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Converting a One-Bedroom to a Two-Bedroom: What You Need to Know

Jul 27, 2020 by Maurie Backman

In certain cities, real estate comes at a premium. Take New York City, for example, where you'll pay an average of $1,376 per square foot for the privilege of owning a place of your own.

If you're in the market for a two-bedroom apartment in a major city, you may find that it's out of your price range, whereas a one-bedroom may be more affordable. There's just one problem: You may have a harder time selling a one-bedroom when the time comes for you to move on.

While it's not uncommon for families with children who live in cities to cram into a two-bedroom apartment, with a one-bedroom, that's much more difficult. As such, you may not get top dollar for a one-bedroom like you would for a two-bedroom.

Even if you're buying an apartment with the hopes of staying put for a long time, you might eventually need a two-bedroom yourself, especially if you decide to expand your family or start working from home, which may require a dedicated office. And if you're buying an apartment you might one day choose to not live in yourself but rent out, a two-bedroom gives you more options than a one-bedroom.

Therefore, if you can't afford a two-bedroom apartment, you might consider buying a one-bedroom and converting it to a two-bedroom after the fact. But is that really a good idea?

The pros and cons of adding a bedroom

Converting a one-bedroom to a two-bedroom gives you more private space in a more affordable apartment. It also gives you the option to control how large or small that second room is. Imagine you need just a small home office, or a tiny nursery for a baby. When you put up your own wall, you get to dictate how many square feet that additional room occupies.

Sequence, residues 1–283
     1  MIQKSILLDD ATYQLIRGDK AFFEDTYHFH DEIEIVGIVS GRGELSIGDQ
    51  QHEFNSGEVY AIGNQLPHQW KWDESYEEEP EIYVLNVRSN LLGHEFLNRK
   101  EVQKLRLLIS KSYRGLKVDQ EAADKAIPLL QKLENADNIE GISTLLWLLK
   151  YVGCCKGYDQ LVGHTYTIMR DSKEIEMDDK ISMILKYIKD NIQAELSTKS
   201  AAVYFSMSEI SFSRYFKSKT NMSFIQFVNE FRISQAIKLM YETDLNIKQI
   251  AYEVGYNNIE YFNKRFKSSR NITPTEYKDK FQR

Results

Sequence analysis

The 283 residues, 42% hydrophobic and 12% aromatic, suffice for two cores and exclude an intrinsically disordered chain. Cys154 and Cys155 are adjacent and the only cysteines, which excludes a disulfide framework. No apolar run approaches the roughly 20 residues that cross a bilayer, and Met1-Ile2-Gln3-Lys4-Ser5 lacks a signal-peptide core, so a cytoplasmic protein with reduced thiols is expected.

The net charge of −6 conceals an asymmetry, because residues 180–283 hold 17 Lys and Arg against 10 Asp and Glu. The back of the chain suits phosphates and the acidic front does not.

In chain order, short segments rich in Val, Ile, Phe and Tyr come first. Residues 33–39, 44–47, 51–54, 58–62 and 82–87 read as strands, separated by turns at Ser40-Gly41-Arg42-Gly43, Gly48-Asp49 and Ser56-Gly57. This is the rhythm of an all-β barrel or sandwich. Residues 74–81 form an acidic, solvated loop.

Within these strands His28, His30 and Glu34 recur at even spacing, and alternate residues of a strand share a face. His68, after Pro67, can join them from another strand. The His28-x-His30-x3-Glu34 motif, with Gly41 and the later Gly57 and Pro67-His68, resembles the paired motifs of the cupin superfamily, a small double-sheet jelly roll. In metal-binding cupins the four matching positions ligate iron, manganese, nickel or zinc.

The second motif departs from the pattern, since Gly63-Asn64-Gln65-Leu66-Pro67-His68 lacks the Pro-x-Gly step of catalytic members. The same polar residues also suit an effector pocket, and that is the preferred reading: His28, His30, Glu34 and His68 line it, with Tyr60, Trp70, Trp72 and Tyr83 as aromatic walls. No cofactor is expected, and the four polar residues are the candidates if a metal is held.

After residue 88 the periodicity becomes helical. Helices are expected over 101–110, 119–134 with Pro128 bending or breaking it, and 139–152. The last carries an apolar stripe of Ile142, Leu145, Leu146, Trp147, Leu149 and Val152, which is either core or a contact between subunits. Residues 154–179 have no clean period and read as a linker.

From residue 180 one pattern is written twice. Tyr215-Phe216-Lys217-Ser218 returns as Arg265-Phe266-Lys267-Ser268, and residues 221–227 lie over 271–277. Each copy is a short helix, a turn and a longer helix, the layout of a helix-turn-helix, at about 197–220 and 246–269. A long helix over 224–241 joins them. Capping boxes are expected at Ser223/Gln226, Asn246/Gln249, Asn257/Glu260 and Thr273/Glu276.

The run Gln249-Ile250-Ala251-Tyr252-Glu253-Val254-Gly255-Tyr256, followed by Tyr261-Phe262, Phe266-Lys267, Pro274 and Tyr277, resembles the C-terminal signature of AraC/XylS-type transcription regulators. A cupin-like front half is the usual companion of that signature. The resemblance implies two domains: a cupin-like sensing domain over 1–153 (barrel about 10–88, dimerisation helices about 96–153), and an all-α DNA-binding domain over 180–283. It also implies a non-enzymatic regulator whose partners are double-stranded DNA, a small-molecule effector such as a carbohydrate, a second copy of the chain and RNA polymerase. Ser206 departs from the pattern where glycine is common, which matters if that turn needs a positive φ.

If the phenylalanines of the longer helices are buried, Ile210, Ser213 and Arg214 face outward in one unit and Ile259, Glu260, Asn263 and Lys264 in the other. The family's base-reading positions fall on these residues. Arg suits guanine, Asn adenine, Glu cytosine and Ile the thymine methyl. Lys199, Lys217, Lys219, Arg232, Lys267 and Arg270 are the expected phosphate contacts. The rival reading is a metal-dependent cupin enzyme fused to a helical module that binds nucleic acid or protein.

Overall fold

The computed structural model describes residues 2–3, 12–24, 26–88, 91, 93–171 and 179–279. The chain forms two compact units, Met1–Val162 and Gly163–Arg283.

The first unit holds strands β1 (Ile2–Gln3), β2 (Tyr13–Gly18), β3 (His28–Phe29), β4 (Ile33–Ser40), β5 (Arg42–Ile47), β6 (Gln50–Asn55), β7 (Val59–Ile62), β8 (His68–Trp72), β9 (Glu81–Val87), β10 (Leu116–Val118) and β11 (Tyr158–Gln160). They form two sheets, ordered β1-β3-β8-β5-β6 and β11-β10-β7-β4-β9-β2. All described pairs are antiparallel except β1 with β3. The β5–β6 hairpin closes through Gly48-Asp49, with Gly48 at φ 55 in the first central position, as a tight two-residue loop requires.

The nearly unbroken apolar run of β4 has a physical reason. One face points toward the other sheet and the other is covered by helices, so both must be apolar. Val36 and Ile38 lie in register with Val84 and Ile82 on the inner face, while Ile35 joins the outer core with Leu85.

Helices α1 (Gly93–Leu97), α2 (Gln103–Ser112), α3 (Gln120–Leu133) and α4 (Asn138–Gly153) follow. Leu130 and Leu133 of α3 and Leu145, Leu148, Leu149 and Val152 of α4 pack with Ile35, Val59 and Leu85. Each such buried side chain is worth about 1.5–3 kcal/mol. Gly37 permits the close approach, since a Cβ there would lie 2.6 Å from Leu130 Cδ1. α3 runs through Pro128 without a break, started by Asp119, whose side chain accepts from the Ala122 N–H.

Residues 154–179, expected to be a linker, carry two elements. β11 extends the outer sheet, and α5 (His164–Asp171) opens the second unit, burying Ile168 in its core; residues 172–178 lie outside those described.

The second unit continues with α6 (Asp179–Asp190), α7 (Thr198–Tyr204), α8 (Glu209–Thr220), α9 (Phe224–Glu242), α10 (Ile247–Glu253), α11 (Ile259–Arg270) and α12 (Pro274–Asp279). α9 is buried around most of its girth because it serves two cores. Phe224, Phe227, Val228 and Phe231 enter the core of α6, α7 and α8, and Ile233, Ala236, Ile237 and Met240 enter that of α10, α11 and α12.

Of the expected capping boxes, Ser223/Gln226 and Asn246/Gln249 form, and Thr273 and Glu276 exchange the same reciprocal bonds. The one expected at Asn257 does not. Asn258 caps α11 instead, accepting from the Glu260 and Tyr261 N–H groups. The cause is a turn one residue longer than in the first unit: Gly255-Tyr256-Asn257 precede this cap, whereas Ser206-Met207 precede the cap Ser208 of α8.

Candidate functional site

On the other hand, converting a one-bedroom to a two-bedroom means taking away from another part of your home. For example, adding that bedroom might cause you to lose out on living room space, or it might make your main bedroom unbearably tiny.

Furthermore, you may not be able to just construct a wall as you see fit and call it a day. Depending on your building's rules and local zoning laws, the conversion you have in mind may not be possible. Even if you are allowed to add another bedroom, it may need to be a certain size, and it will generally need to have at least one window. As such, if you're going to buy a one-bedroom apartment with the specific goal of converting it to a two-bedroom, make sure its layout allows for that.

How much will it cost to convert a one-bedroom to a two-bedroom?

The amount you'll spend to convert a one-bedroom to a two-bedroom will depend on how complicated the work is, whether you can do the job solo, and whether you'll need a permit. For a simple project that mostly involves putting up a wall and calling it a day, you might spend around $5,000, plus a little more to build a closet. But if you need to get an architect involved and pay hefty permit and building fees, you could be looking at more like $10,000 to $25,000.

What about return on investment?

If you can convert your apartment at a relatively low cost, you might recoup your investment relatively quickly. The average rent for a one-bedroom, on a national level, was $1,586.84 in 2019. For a two-bedroom, it was $1,808.73, which works out to about $222 extra a month. If you spend $5,000 to convert your apartment, you'll recoup your outlay in 23 months based on these average prices. And in some markets, you might recoup your costs even more quickly.

Should you buy a one-bedroom and convert it?

If a two-bedroom apartment is too much of a financial reach in the city you want to live in, then it could pay to buy a one-bedroom and add an extra room after the fact. Just make sure doing so is feasible before committing to that purchase. Otherwise, you could get stuck with a home that doesn't suit your needs, and it could also be an issue when you attempt to rent out that home or sell it.

And if your goal in converting a one-bedroom is to score a decent return on investment, make sure you can pull off that project in a relatively affordable fashion before moving forward. Otherwise, you could end up waiting a long time to get your money back.

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